Nobel Prize brings with it great pressure, laureate Mo Yan says
Though delighted by his Nobel Prize, the writer dislikes the pressure that it brings
Mo Yan says the demands and expectations of being the first Chinese national to win the Nobel Prize for literature is dampening the joy he feels about receiving the award.
In an interview with China Central Television's One On One, the Nobel laureate declined to say whether he was "happy" about receiving the international honour last week, which many have taken as a validation of modern Chinese writing.
"I have never thought about this question," Mo Yan said on the Sunday night programme. "I'm now under great pressure and have a lot to worry about. So how can I be happy?"
The 57-year-old writer acknowledged that some people may not understand his apprehension about winning such a coveted award. But he said he feared his new status would cause people to find fault with him or try to embarrass him.
"I was overjoyed for the unexpected prize and terrified," he said. "But if I say, 'I'm not happy', [people] would say that's too pretentious - because how can I not be happy after winning the Nobel [Prize]?"
Mo Yan said his notion of happiness required "letting go of everything. For me, happiness is being free from worry, having good health and suffering no pressure."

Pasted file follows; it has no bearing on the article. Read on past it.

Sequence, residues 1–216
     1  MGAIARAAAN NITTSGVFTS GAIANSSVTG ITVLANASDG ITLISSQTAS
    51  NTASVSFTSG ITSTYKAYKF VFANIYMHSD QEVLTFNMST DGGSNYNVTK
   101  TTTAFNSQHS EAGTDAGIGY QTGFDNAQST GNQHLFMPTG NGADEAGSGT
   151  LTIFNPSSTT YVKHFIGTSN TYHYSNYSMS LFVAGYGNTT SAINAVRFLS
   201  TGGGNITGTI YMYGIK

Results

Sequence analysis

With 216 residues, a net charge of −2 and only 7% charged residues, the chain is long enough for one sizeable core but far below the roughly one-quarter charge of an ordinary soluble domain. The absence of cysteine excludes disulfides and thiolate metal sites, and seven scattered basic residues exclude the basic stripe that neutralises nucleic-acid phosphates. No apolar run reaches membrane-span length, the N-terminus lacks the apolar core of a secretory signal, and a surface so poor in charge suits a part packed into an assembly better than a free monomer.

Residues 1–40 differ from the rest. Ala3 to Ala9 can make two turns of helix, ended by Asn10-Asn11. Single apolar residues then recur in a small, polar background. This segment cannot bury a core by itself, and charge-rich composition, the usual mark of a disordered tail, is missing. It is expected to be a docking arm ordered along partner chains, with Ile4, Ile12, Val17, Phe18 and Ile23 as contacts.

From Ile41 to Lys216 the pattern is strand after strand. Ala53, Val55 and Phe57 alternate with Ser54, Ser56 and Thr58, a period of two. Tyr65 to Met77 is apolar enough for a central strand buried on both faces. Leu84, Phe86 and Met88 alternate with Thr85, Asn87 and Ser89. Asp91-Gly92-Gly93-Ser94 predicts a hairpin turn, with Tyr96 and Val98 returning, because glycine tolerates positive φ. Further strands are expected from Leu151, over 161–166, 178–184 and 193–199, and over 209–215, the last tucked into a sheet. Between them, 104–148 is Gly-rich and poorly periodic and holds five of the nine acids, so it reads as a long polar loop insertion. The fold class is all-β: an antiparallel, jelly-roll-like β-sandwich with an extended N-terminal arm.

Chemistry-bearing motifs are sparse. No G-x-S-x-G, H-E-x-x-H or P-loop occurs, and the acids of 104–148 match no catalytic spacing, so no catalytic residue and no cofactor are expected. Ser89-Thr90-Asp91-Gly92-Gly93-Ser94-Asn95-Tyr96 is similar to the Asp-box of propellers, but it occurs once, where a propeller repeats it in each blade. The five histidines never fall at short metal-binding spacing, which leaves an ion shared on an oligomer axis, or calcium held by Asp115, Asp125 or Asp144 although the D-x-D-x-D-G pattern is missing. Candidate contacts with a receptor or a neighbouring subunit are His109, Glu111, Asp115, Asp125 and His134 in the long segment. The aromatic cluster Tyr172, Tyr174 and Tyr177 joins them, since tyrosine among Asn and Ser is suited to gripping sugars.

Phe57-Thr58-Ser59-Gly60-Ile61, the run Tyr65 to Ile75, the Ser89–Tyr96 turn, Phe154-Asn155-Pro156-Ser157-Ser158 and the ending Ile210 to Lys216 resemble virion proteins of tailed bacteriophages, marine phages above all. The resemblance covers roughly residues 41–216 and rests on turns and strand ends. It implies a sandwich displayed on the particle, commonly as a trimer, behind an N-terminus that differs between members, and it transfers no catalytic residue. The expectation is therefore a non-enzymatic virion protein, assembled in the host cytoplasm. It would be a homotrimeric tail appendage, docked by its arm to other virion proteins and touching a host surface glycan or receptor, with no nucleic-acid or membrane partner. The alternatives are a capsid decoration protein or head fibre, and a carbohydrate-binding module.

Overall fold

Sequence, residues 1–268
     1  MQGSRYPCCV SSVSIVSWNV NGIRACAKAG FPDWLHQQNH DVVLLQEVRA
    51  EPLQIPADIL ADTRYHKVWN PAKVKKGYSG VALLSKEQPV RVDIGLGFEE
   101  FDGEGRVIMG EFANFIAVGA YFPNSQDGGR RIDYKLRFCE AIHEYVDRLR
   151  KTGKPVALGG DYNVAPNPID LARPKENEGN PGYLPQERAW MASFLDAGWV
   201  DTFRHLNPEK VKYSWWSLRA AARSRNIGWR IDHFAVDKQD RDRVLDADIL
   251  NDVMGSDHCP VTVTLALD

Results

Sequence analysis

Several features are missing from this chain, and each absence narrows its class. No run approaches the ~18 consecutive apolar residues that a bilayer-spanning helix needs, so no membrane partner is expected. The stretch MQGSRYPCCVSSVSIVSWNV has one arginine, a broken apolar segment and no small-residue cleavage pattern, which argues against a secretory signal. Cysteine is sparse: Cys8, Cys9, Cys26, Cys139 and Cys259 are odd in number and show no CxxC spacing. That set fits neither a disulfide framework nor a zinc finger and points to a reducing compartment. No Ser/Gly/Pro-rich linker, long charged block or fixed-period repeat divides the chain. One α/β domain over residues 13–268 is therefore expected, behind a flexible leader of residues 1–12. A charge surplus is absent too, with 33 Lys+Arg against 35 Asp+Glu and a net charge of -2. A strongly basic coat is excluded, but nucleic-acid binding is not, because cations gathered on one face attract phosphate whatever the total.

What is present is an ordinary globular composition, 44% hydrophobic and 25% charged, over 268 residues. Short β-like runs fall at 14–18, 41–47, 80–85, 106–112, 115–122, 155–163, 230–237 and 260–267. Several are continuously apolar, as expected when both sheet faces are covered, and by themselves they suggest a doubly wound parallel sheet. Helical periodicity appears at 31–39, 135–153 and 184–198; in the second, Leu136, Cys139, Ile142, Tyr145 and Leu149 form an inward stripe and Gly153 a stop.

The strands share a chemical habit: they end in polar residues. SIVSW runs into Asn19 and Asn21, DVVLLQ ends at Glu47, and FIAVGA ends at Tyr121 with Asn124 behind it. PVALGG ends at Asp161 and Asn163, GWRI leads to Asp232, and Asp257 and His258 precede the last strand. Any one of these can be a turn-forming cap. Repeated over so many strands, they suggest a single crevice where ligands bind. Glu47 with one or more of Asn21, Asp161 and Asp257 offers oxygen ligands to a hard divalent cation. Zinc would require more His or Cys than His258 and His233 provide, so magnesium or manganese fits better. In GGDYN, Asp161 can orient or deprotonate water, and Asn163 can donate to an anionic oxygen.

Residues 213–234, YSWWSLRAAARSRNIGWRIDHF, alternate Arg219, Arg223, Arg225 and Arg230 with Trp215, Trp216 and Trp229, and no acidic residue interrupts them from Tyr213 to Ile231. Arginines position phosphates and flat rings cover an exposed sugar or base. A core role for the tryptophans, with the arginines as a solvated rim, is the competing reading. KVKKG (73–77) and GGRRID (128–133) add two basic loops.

The writer said he did not believe that his Nobel Prize would have a lasting impact on the development of Chinese literature. He said the public's enthusiasm for his work and the rest of the genre would soon fade.
Mo Yan said he continued to carry the physical and emotional baggage of growing up hungry in rural Gaomi , in Shandong province, an experience that has inspired many of his works.
He was four years old when famine hit China in the late 1950s amid Mao Zedong's Great Leap Forward and his family was forced to pick through thorns for wild herbs to eat.
"The earliest memory of my childhood is of fighting for food with my elder sister," he said.
Mo Yan said such experiences made him appreciate his eventual promotion to a junior cadre in the People's Liberation Army.
"I was so excited at that time, even more than wining a Nobel Prize," he said. "Because being an army official meant that you didn't need to return to the villages any more."